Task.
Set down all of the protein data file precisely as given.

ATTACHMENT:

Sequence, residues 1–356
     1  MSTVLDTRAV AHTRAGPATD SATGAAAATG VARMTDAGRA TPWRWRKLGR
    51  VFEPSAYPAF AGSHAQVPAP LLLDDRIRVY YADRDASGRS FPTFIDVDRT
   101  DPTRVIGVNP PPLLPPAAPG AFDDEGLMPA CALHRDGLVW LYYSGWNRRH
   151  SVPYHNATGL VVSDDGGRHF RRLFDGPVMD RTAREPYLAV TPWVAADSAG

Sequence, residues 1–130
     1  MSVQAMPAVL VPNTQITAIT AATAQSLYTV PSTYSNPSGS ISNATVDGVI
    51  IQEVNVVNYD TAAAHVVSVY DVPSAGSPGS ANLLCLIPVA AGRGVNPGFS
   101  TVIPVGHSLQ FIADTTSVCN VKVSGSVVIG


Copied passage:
Sequence, residues 1–356
     1  MSTVLDTRAV AHTRAGPATD SATGAAAATG VARMTDAGRA TPWRWRKLGR
    51  VFEPSAYPAF AGSHAQVPAP LLLDDRIRVY YADRDASGRS FPTFIDVDRT
   101  DPTRVIGVNP PPLLPPAAPG AFDDEGLMPA CALHRDGLVW LYYSGWNRRH
   151  SVPYHNATGL VVSDDGGRHF RRLFDGPVMD RTAREPYLAV TPWVAADSAG

Sequence, residues 1–130
     1  MSVQAMPAVL VPNTQITAIT AATAQSLYTV PSTYSNPSGS ISNATVDGVI
    51  IQEVNVVNYD TAAAHVVSVY DVPSAGSPGS ANLLCLIPVA AGRGVNPGFS
   101  TVIPVGHSLQ FIADTTSVCN VKVSGSVVIG